There’s a piece of legislation that has been invaluable in the rise of social media, the Communications Decency Act. In particular, Section 230 of the Act says “No provider or user of an interactive computer service shall be treated as the publisher or speaker of any information provided by another information content provider.” Without Section 230, it’s hard to fathom that Facebook or Twitter would ever have been able to surmount the potential legal liability they would otherwise face from civil lawsuits over IP infringements, libel claims, or threats that are posted to their websites on a regular basis. They’d be potentially liable for whatever anyone decided to post on their sites.
Interestingly, though, the provision wasn’t even created with social media in mind. The Act was passed in 1996, before social media was even a glint in Mark Zuckerberg’s eye. The provision was included in the Act ensure that internet service providers or e-mail providers weren’t liable for anything that anyone decided to transmit on their services. And that makes sense. You wouldn’t hold Verizon or AT&T responsible for anything anyone says on the phone. They don’t control what people say on the phone, so they shouldn’t be responsible.
The internet shouldn’t be any different.
But, as the internet advanced, the logical extension of this principle went to websites themselves. And that still sort of makes sense, at least conditionally. If the owners of the website don’t control what is posted or not, they shouldn’t be liable for what people do post. The key distinction is whether the owners of the website are providing an internet service or whether they are providing internet content. In Fair Housing vs. Roommates.com, the courts said you couldn’t claim to be a service provider if you weren’t a passive pass-through of information provided by others or simply a facilitator of expression, you had moved on to become a content provider and weren’t immune from lawsuits under Section 230.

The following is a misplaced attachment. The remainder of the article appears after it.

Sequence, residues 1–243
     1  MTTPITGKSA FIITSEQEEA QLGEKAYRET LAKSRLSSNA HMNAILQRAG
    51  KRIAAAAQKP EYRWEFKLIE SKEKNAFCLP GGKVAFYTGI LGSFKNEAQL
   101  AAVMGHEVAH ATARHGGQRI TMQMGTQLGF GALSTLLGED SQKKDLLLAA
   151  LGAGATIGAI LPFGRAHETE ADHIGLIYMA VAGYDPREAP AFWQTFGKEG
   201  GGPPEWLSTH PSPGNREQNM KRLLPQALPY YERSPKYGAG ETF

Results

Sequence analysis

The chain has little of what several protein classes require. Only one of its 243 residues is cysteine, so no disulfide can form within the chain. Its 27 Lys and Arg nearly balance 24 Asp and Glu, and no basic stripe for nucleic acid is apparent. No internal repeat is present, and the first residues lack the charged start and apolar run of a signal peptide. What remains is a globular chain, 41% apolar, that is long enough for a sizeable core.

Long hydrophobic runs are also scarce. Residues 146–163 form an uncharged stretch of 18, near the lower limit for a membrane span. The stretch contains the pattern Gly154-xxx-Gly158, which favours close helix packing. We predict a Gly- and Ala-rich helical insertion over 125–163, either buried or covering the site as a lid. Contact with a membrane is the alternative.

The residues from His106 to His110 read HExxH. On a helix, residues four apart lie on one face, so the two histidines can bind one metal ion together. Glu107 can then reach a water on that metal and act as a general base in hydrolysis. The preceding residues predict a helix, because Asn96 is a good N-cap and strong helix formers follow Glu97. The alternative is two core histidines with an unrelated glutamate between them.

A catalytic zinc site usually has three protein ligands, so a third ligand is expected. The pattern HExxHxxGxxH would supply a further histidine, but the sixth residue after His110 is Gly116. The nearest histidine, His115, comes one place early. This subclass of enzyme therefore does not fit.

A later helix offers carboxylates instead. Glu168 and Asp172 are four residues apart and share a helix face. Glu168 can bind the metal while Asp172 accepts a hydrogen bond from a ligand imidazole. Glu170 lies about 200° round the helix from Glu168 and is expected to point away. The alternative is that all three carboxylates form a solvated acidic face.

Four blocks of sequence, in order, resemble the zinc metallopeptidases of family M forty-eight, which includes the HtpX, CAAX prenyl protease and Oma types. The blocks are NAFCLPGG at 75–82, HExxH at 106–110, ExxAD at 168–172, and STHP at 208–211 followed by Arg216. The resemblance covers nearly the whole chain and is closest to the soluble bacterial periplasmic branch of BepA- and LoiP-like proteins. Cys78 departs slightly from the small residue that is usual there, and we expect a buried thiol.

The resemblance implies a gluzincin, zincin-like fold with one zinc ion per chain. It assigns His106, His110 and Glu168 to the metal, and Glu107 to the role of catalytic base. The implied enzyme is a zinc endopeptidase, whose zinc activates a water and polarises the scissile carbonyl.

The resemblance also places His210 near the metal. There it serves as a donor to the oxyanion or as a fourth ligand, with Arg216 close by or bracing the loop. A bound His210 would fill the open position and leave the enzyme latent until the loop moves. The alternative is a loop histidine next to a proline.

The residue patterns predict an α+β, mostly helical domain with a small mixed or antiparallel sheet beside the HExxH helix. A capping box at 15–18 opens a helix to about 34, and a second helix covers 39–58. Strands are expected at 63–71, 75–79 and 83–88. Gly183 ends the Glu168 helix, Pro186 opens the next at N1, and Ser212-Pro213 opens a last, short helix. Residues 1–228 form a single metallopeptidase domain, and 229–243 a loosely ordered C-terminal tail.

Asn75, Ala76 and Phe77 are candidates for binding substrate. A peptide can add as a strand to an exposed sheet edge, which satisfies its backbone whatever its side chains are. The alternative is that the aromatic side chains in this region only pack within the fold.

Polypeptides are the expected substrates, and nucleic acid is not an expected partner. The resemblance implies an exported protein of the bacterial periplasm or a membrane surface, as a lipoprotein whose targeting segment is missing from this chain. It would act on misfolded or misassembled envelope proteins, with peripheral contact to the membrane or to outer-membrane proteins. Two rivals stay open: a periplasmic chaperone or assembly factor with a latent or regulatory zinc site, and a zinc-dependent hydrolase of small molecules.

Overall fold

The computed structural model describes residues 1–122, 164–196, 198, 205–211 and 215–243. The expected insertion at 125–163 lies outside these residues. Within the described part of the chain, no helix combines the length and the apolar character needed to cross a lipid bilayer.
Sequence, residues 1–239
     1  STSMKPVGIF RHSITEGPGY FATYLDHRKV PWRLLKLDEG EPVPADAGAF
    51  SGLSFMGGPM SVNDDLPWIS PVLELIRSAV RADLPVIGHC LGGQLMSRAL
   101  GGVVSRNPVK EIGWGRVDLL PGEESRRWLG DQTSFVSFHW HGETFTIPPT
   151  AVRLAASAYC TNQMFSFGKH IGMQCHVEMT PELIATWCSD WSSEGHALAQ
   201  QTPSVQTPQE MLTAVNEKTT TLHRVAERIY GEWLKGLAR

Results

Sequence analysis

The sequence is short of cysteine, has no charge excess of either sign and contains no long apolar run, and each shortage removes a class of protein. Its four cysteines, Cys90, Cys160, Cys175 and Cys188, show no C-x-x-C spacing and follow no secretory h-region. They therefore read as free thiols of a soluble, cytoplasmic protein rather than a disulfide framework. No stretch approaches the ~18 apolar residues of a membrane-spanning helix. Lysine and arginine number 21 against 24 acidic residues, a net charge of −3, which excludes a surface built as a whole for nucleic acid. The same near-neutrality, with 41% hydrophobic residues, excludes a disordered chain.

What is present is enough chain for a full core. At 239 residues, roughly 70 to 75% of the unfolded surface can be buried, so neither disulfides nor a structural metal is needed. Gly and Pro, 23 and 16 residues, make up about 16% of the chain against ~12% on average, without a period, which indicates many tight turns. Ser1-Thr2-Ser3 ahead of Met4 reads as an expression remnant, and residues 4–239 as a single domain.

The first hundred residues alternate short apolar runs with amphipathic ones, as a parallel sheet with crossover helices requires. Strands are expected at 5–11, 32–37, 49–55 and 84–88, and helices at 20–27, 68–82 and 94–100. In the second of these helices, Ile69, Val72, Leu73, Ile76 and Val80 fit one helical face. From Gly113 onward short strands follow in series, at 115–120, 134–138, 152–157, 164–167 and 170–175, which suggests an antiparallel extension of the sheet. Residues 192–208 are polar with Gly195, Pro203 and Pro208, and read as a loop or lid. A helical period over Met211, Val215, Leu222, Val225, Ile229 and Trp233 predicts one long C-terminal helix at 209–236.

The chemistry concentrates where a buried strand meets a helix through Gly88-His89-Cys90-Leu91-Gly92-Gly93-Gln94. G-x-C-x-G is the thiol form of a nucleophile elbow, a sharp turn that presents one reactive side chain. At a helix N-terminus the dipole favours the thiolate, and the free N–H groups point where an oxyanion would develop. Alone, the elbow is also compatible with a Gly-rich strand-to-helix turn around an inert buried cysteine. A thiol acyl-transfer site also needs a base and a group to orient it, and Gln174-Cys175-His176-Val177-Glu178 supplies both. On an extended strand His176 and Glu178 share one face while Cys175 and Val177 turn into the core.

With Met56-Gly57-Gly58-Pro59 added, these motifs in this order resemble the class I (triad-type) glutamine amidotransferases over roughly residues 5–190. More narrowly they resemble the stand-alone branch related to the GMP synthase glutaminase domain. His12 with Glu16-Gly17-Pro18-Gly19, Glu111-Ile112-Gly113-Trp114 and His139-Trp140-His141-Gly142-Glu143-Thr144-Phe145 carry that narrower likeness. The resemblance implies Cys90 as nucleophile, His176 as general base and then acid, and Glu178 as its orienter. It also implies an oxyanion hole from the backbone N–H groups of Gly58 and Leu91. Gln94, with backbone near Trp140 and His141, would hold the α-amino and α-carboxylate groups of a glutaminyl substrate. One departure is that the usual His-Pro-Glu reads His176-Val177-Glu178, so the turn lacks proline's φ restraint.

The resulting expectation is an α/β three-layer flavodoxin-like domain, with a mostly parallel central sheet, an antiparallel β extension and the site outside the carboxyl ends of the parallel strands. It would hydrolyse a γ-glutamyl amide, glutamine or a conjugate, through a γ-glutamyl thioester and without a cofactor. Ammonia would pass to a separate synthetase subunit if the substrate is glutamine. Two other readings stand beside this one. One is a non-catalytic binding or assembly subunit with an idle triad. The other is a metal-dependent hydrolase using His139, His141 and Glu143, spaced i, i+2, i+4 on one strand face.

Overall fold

Today, many conservatives, and even libertarians are concerned about the editorial lines that are increasingly taking hold in the social media universe. In their attempts to filter out “fake news” or “Russian bots” or “disruptive voices” or “hate speech”, they are increasingly deplatforming conservatives and libertarians for behaviors that they show no concern with coming from the left. We know that the social media giants are culturally very much aligned with the “woke” left and many claim that they’re rigging the public discourse in favor of the left.
While some conservatives have suggested addressing this by breaking up the social media giants or subjecting them to regulation, an alternative that many of us have advocated is reform of Section 230 to make it clear that you’re a publisher if you’re pushing an editorial line. You can have rules of the road and can forbid threatening, harassing, or inciteful posts, but your rules have to be objective, viewpoint-neutral, and universally applied for you to retain Section 230 protection. Otherwise, you’re a publisher and should be treated as such.
This isn’t an idea without some controversy. As believers in the free market, many argue, conservatives and libertarians should let the market sort itself out and take their business elsewhere. As private businesses, Facebook, YouTube and Twitter shouldn’t be under any obligation to provide a voice for those whose views they find abhorrent. And, as Ken White of Popehat argues, it’s a stretch to suggest that the social media providers are the people creating the content. Even many of the advocates of Section 230 reform suggest the move goes against the grain of their libertarianism, arguing that this is a situation just to rife with abuse.
I think these concerns are misguided. Far from being a violation of libertarian principle, Section 230 reform would be a move to impose free market discipline on the social media giants. The question of whether the social media giants are original content creators is utterly beside the point. Of course they aren’t! But, Section 230 itself doesn’t address whether the service provider is the creator of the original content. It’s about whether they are to be treated as publishers.